Five Questions With Cuci Amador of Afrobeta

Cuci Amador is the effervescent frontwoman of Afrobeta, a Miami favorite that's currently finishing a new studio album. New Times caught up with her recently to ask about her musical background, new projects, and that recent almost-Grammy.

New Times: Let's get some things out of the way first. Where do you come from, what is your name, and more importantly, if you had to choose between rescuing an Atari 2600 or Taylor Dayne from a burning building, which would you rescue?

Cuci Amador: My family hails from Cuba. My nickname is Cuci Amador. Cuci is pronounced "coo-SEE" and comes from "cosita," which means "little thing." Amador is my grandmother's maiden name, translated in English as "lover." I guess Cuci Amador means "Little Lover." I think if I had to save an Atari 2600 or Taylor Dayne from a burning building, I would save Taylor Dayne. ColecoVision was a superior system.

OK, you've established a pretty solid pedigree locally and a fan base through your work in Afrobeta and with José el Rey and the Miami Bass Warriors. What can you tell us about those projects, and is it true the City of Miami is planning on taxing Smurphio's hair?

Afrobeta is developing nicely! It started as a beta project, and we are happy to be working on our debut album. We've teamed up with a local indie label started by two of the Ultra Music Festival cofounders, Russell and Charlie Faibisch. You can look forward to a release party announcement soon. Yes, the City of Miami has approached us about taxing Smurphio's head space. It's a roving piece of real estate that has been valued at over $1.2 million. Our lawyers are looking into it.

How did you hook up with Calle 13, and what in Sam Hill is "alt-reggaeton" exactly? Will there be more new-wave-influenced reggaeton in the future?

Calle 13 had a beat ready for their new album that was kinda a freestyle throwback. A mutual friend showed Residente, of Calle 13, the video for "Nighttime." He liked it and thought I would be a good fit for the beat. That became the song "Electro Movimiento."

I guess "alt-reggaeton" would mean reaching outside of the traditional derivative of Jamaican dancehall. I know that Visitante, the musical mind of Calle 13, is a big fan of folkloric music. I mean, they did a song with Ruben Blades on the new album! That's classy. I'd like to see a Missing Persons "What Are Words For" reggaeton remix. "Pa' que son la' palabra, cuando nadie sabe como usarlas."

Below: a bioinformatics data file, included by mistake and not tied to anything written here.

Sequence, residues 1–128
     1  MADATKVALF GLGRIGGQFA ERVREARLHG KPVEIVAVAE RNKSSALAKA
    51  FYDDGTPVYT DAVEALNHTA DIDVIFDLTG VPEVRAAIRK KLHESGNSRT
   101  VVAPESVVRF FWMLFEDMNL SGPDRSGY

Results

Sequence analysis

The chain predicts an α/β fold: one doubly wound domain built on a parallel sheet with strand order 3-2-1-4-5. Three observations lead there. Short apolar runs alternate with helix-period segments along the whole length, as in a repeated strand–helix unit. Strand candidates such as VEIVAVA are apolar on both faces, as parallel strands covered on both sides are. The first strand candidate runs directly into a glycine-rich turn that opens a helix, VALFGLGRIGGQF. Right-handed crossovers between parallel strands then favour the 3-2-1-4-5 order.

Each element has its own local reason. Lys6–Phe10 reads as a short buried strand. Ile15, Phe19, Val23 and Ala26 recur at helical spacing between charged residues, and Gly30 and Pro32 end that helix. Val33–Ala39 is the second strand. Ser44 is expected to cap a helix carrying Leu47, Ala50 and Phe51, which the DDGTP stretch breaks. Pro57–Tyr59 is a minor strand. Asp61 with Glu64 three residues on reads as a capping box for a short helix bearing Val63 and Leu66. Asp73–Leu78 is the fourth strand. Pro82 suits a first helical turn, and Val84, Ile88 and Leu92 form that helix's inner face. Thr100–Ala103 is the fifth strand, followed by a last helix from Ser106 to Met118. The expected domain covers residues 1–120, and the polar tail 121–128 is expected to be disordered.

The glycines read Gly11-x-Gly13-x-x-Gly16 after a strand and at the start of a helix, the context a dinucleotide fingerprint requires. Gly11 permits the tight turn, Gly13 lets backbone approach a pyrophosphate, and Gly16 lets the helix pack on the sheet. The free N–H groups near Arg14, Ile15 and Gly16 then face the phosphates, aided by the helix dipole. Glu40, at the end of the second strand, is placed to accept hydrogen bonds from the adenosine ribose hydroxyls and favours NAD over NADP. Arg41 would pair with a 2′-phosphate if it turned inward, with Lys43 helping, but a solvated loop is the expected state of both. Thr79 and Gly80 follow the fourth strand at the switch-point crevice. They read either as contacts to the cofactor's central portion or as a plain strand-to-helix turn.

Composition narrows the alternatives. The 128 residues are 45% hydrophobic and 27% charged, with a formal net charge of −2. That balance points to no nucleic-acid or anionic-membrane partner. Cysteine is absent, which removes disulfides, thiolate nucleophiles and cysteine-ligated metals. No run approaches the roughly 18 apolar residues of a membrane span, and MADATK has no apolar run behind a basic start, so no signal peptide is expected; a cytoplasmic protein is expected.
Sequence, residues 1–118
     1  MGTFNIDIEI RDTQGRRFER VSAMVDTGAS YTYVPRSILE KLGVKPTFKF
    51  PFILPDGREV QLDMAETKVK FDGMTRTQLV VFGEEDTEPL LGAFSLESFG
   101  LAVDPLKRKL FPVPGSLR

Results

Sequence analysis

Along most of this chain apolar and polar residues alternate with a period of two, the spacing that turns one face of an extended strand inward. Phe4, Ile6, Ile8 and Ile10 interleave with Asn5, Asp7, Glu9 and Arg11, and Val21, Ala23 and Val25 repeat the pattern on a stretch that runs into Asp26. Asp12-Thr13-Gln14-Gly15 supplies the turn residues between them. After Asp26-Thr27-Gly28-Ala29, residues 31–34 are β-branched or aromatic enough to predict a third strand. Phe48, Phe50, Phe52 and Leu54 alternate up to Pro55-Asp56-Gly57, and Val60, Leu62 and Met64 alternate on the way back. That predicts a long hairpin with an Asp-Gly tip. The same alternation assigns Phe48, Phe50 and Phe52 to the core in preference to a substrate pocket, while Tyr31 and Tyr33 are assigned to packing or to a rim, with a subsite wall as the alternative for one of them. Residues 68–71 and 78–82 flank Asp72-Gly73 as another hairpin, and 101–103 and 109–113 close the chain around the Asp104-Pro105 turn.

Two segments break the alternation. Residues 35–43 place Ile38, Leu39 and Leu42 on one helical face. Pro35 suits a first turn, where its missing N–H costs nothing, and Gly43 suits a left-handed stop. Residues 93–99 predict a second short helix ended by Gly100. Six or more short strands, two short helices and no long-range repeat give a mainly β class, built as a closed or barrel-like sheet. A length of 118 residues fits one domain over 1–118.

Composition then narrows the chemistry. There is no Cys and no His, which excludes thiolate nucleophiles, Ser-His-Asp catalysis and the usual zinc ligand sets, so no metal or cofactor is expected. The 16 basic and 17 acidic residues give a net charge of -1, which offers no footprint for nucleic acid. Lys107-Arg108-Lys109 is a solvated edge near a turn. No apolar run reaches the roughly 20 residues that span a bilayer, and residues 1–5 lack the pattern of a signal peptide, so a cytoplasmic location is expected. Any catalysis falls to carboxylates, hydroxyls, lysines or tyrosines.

Everybody knows you're an accomplished concert violinist and martial artist. Do you have any other hidden skills? Do you like being represented as an "electro-funk" singer? Clearly you have great vocal range; are there any other styles of music that interest you? Any people you'd like to work with?

Thanks for asking! I trained for many years for my Olympic figure-skating aspirations. I made it to the 2002 semifinals at the Scott Rakow skating rink with my solo routine to "Conga" by Miami Sound Machine. Now I coach the Little Havana girls' hockey team. It's a far cry from my Olympic dream, but it keeps me on the ice! I'd like to work with Björk on a concept album. It is comprised of songs written for animals in frequencies only they can hear. PETA has expressed interest in funding it.

So you have a Grammy — any chance of getting an Independent Spirit Award for your work on Aiden Dillard's Death Print?

Technically, the song I wrote and sang on, "Electro Movimiento," is on an album that won many Grammys. That's amazing, but it's not a Grammy I consider my own. However, you can continue to perpetuate that rumor if you like. I believe the Academy looked over Death Print in the "for your consideration" bin. The theme song was sick. Totally Oscar[said in Spanish]-worthy.

 
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